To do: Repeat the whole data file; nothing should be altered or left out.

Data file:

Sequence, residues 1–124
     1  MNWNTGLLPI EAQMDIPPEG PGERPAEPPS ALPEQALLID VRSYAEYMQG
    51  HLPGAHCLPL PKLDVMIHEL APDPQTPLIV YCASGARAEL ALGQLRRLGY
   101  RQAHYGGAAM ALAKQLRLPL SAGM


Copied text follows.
Sequence, residues 1–124
     1  MNWNTGLLPI EAQMDIPPEG PGERPAEPPS ALPEQALLID VRSYAEYMQG
    51  HLPGAHCLPL PKLDVMIHEL APDPQTPLIV YCASGARAEL ALGQLRRLGY
   101  RQAHYGGAAM ALAKQLRLPL SAGM